“Well, I guess it’s over!” the man said, exasperated and out of breath. “But there’s still time on the clock. We can’t give up now!” she responded with winded enthusiasm. That’s the problem with time. It has limits. When I think about it, it is consistent with almost everything we know about life.
Not everything has limits. Scientists tell us that the universe continues to expand even though the belief is that all energy that ever existed is already out there. The vast majority of us stand in awe. We don’t understand it and can’t explain it.
In an interview about his son Max after winning a national competition for solving Rubik’s cubes, Schwan Park said, “He looked like a kid who found his tribe.” On ABC’s World News the other night, Max’s father noted that once you find your tribe of people you connect with, the sky’s the limit.” Max Parker is autistic and recently set a new world record by solving a Rubik’s cube in just over 3 seconds.
Who is your tribe? First, a tribe extends beyond biological connections. The common ingredient is a mutual love for one another and a desire to do things together. An identity merges out of a tribe, even if no name is chosen to represent it.
Several years ago, a group living a couple blocks from Asbury found a common purpose in what they wanted their community to be like. They called their tribe the “Peace Mob.” I miss their enthusiasm and energy.
Schwan Park is on to something. When we’re part of a tribe, our connections resemble our ever-expanding universe. Whatever limits may still be limited, they’re out there waiting to be discovered. How does this happen, and how can we all be part of a tribe that goes beyond expected limits and enjoys record-setting accomplishments?
What better source for the answer than the One who created the ever-expanding universe.
“Let Us make humankind in Our image after Our likeness!” said God. “God and I are One,” said Jesus. Hmmm? Meanwhile, the Spirit hovered upon the surface of the water. “Is it possible?” Tasmin thought to herself.
As her novel nears the end, things start jelling for the main character of Angela Hunt’s novel, Daughter of Cana. While Tasmin is an imaginary character in a fictional book, her story is also a mirror for anyone hoping to find a tribe they belong to.
I am the way, the truth, and the life…Now that you know me, you know God…
The only spoiler alert necessary as we finish our companion book for this series is the specific details of characters that aren’t spelled out in scripture. Yet, every thought, action, and reaction we read reveals our struggles with imagining how an already massive universe keeps expanding. And how we can be a part of the expansion rather than a victim of downsizing. In other words, don’t we all prefer abundance over scarcity?
On the night that Jesus was arrested, He gave us all a summary glimpse of what was to come. Everything pointed to what followed but, like an ever-expanding universe, it is too much for us to wrap our heads around.
Follow the logic as Jesus laid it out at supper with His friends. First, notice the venue. They are gathered together for a meal. They are a tribe that chooses to spend time together and work together.
Second, Jesus uses an ordinary custom to teach the secret of abundance. Similar to today, it was customary to wash up before a meal. The feet of Jesus and His followers carried layers of dust and dirt from each road and pathway they traversed. And custom-mandated clean feet and hands at the supper table.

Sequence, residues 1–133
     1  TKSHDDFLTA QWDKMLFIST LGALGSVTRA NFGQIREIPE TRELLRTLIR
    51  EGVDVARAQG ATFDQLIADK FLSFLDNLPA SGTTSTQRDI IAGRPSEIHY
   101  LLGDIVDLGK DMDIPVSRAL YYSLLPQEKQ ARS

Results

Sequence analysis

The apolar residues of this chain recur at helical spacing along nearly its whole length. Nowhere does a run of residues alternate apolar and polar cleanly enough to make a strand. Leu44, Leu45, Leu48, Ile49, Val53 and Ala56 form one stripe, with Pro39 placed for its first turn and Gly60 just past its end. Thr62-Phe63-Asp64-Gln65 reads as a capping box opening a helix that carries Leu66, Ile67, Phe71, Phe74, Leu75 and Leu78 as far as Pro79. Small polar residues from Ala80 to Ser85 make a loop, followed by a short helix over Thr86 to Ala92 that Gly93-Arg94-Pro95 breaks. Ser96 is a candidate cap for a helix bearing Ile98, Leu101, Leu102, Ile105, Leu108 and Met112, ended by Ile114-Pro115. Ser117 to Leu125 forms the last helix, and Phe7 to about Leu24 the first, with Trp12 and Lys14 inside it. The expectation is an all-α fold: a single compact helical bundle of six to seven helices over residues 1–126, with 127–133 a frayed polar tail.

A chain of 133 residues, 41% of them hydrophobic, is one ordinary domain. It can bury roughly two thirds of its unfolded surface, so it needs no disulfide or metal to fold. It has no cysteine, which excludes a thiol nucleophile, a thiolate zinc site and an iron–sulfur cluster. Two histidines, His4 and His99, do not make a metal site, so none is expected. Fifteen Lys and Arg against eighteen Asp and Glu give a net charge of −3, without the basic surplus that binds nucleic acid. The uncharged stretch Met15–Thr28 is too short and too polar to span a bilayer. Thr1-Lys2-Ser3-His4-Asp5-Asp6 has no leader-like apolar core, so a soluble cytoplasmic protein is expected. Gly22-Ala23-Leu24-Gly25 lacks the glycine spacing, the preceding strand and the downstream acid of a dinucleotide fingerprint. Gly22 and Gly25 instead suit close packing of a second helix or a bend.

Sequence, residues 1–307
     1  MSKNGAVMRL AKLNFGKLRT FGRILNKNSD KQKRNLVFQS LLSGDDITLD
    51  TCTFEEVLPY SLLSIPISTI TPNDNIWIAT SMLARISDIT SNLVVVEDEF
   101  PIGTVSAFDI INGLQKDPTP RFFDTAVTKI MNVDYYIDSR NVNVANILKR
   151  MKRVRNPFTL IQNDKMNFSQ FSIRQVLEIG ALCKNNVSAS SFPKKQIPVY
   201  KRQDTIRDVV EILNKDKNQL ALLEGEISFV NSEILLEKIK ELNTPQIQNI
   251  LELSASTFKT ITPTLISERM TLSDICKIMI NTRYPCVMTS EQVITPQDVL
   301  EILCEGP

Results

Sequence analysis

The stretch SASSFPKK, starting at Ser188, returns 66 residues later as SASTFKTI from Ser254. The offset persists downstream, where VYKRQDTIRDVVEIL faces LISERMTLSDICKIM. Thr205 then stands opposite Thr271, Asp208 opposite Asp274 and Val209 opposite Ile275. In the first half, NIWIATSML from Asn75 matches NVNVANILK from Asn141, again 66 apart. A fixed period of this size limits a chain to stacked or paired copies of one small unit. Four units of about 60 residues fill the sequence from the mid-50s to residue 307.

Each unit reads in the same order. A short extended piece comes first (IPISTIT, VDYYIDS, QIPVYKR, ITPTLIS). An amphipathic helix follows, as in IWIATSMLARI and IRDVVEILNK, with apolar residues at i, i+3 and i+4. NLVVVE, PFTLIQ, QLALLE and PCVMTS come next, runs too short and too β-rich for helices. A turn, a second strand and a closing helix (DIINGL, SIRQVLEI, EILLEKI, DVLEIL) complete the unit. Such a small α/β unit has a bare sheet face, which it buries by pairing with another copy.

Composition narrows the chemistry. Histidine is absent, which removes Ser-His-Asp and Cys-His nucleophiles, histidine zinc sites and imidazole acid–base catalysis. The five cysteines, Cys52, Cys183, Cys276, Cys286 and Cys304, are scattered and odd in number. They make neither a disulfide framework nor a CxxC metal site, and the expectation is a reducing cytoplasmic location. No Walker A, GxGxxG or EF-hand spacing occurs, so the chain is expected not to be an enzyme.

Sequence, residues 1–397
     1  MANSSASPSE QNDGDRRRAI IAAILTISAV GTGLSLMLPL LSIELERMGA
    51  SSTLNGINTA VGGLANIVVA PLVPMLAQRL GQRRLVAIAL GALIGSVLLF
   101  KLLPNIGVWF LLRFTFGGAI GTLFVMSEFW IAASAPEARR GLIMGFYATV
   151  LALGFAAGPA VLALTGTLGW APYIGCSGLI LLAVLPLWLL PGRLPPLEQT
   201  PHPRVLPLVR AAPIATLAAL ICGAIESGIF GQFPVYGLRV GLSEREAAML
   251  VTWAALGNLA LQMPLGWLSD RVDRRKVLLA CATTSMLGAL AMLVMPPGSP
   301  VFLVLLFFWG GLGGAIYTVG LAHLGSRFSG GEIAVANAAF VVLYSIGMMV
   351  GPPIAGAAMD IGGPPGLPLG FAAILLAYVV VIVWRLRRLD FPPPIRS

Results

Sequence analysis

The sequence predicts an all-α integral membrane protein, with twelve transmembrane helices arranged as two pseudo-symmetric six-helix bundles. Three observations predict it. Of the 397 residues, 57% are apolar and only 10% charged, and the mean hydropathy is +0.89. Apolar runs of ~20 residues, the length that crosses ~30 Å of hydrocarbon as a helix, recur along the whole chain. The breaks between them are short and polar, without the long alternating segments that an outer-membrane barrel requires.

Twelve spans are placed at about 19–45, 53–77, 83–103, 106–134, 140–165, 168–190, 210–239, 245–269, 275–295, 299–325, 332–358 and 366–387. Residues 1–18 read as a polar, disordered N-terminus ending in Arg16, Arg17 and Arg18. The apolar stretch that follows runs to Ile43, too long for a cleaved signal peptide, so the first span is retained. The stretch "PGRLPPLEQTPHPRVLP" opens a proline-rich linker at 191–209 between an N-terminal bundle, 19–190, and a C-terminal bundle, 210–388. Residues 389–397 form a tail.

Hospitality customs included the host providing water and, in the case of wealthier hosts, a servant to wash the feet of guests. Jesus and His tribe weren’t well off. So Jesus washed the feet of each friend, one by one. They were flabbergasted. Jesus was their teacher, leader, and long-awaited Savior. Messiahs don’t wash feet, do they?
Later, during His toast, Jesus shares the secret to an ever-expanding universe and reveals the secret to abundance. Love God and love each other. And what does love look like? Love looks like a tribe of persons that matter to each other. They share a common connection. In this case, Jesus is talking about a tribe we call Christianity.
But Christianity is too much like the universe. The name represents hundreds of millions of diverse people and thoughts about what it means to say this is who I am. The name itself conjures both positive and negative images.
Nevertheless, this is a starting point. Our shared connection with other Christians is we believe that Jesus Christ is God. And Jesus makes it abundantly clear that if you know Him, you know God. Most importantly, if you love Him, you do as He teaches you.
Love is the key that opens the door to God’s abundance. Find Jesus and you will find your tribe. Find your tribe and do as Jesus teaches and your community will flourish.
You can join us each Sunday in person or online by clicking the button on our website’s homepage – Click here to watch. This button takes you to our YouTube channel. You can find more information about us on our website at FlintAsbury.org.
A reminder that we publish this newsletter that we call the Circuit Rider each week. You can request this publication by email. Send a request to connect@FlintAsbury.org or let us know when you send a message through our website. We post an archive of past editions on our website under the tab, Connect – choose Newsletters.
Our series was inspired by and relies on content provided by Angela Hunt. Daughter of Cana. Minneapolis: Bethany House, 2020.
John Branch. “Children of the Cube.” © New York Times, August 15, 2018. Retrieved from: link
Emma Bowman. “He once had motor skill challenges. Now he’s the world’s fastest Rubik’s cube solver.” © NPR, June 20, 2023. Retrieved from: link